On our walk to Daniel's kindergarten this morning I was thinking about what I can learn about God from him. And I wondered, what is he learning about God from me? My pace slowed down to match his, as I realized that even though we were holding hands, I was a full step ahead of him. “I don't need to be in a hurry,” I thought. He had just excitedly pointed out to me that we could still see the moon in the early morning sky. I had missed that. What else could he show me that I am missing?

I shared with a friend last week that I feel like I have been looking at Daniel through a lens of “I wish you were different,” and “How can I help you become more normal?” That kind of focus leaves me with an ongoing feeling of disappointment and frustration with him. I really want to change and take my focus off his handicaps. To focus on what he can do. Not on what he can't do, or can't do well. But at the same time, I don't want to accept that his abnormal behaviors and his learning disabilities are permanent. I still long to see him grow and develop. To reach his full potential.

Can an acceptance of him as he is and a longing for him to mature dwell in my heart together? (Isn't that actually the way God views me?) Is it possible for me to have eyes to see him as God sees him? To believe that God is still working in his life, even though his progress and recovery from encephalitis a year ago has slowed down and we feel we've reached a plateau. To be open to learning from him all that God wants to teach me. To see that his “simple-mindedness” could be a gift that I could thank Him for. Help me, God. I know this perspective can only come from you.

Jesus had a special place in his heart for children and said that in order to enter the Kingdom we needed to become like them. He said, “I praise you, Father, Lord of heaven and earth, because you have hidden these things from the wise and learned, and revealed them to little children. Yes, Father, for this was your good pleasure.” (Luke 10:21)

And the Apostle Paul wrote, “God has chosen the foolish things of the world to confound the wise; and God has chosen the weak things of the world to confound the things which are mighty.” (1 Corinthians 1:27)

In A Place of Healing, Joni Eareckson Tada writes, “I believe with all my heart that sometimes it is through the lives of those who are mentally or physically challenged, or those bearing up under suffering, that Jesus chooses to shine in the most spectacular ways.”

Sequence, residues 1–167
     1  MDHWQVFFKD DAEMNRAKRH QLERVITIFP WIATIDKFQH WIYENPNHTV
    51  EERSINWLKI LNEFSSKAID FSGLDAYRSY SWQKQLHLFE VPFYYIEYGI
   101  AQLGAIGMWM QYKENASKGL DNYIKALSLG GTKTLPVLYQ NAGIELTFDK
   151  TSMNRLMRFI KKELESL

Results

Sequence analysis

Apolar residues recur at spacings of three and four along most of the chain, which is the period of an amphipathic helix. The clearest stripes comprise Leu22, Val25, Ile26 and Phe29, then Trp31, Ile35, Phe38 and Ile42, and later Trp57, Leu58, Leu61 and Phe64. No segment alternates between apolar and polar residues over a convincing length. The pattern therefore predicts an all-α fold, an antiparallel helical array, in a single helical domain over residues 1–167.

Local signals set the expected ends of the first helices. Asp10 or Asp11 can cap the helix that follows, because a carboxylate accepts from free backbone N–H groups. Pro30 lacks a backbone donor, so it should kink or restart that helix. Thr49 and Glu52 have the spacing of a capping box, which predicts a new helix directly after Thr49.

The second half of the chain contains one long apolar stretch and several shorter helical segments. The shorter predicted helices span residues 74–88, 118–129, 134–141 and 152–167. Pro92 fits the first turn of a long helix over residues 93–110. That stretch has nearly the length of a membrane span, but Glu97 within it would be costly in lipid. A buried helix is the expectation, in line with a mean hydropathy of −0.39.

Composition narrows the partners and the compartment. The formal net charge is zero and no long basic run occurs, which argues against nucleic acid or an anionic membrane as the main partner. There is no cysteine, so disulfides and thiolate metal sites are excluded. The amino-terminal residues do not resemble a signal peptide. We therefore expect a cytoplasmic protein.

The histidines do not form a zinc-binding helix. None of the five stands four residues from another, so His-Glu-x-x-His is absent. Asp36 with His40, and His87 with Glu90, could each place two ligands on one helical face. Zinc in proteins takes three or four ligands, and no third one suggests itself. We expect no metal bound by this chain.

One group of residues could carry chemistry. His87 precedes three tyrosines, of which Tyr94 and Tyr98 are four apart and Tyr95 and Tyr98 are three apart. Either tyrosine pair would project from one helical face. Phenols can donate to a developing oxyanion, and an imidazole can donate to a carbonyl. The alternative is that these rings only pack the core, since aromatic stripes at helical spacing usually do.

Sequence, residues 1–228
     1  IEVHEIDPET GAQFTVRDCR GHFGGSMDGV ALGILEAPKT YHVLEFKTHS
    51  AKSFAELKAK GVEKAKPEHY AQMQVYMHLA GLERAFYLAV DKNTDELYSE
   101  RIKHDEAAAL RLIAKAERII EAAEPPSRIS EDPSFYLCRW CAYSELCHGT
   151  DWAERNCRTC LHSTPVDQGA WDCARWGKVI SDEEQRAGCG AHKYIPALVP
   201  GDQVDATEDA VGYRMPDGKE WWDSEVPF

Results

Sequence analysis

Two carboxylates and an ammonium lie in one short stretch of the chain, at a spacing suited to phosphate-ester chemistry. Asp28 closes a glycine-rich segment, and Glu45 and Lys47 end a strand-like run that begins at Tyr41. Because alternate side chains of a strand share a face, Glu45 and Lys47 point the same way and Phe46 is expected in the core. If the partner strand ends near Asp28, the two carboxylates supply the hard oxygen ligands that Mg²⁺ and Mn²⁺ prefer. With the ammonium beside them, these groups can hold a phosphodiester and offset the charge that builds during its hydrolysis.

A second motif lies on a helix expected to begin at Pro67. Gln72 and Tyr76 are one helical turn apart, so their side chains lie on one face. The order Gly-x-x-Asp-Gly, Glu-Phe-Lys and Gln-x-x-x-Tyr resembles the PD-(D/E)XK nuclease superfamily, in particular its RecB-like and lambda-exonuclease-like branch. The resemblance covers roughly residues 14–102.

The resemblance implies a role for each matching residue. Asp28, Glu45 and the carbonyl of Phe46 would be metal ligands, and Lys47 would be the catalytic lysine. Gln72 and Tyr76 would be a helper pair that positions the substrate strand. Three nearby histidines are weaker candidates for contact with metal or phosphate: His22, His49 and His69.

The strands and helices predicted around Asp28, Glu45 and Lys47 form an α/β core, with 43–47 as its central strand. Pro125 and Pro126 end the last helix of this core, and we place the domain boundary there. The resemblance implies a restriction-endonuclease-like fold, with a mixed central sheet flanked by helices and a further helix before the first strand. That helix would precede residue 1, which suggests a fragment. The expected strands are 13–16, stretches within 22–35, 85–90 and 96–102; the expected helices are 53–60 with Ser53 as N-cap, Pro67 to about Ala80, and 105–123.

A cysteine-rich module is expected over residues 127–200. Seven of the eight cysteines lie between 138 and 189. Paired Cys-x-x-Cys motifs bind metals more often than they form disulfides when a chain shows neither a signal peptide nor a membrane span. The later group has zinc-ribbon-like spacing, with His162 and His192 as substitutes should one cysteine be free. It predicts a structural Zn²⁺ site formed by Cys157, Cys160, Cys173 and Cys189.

She gives the example of a little Down syndrome boy named Isaiah Nicklas, whose sister Mary told Joni that his gift of ministry was his smile. And it was true. “His smile was transcendent. It glowed. And it gave me so much joy to see him...If you ever wanted to see pure joy right out of the heavenly tap, it was there in Isaiah's countenance.”

She writes, “People suffering from debilitating distress aren't your standard musical instruments in the orchestra. We can't do everything able-bodied people can do in their physical strength and mobility and vitality. It takes a special skill to bring music out of broken instruments, and the one who does deserves recognition and glory.

God is that one.

God is the one who finds incomparable beauty and makes matchless music using the most unexpected and unlikely of instruments...

His melody—His incomparable, heavenly, impossibly beautiful music—somehow comes into its own when it emanates from a broken, battered, but fully yielded human vessel.

It's music that can only come from particular instruments, broken in particular ways, and yielded with particular humility. I also believe it brings God glory in a way that is completely unique on earth or in the heavens.”

In the introduction to her autobiography Joni she includes this passage: “We are handicapped on all sides, but we are never frustrated; we are puzzled, but never in despair. We are persecuted, but we never have to stand it alone: we may be knocked down but we are never knocked out! Every day we experience something of the death of the life of Jesus, so that we may also know the power of the life of Jesus in these bodies of ours...We wish you could see how all this is working out for your benefit, and how the more grace God gives, the more thanksgiving with redound to his glory. This is the reason we never collapse.” (2 Corinthians 4:8-10, 15, 16, Phillips)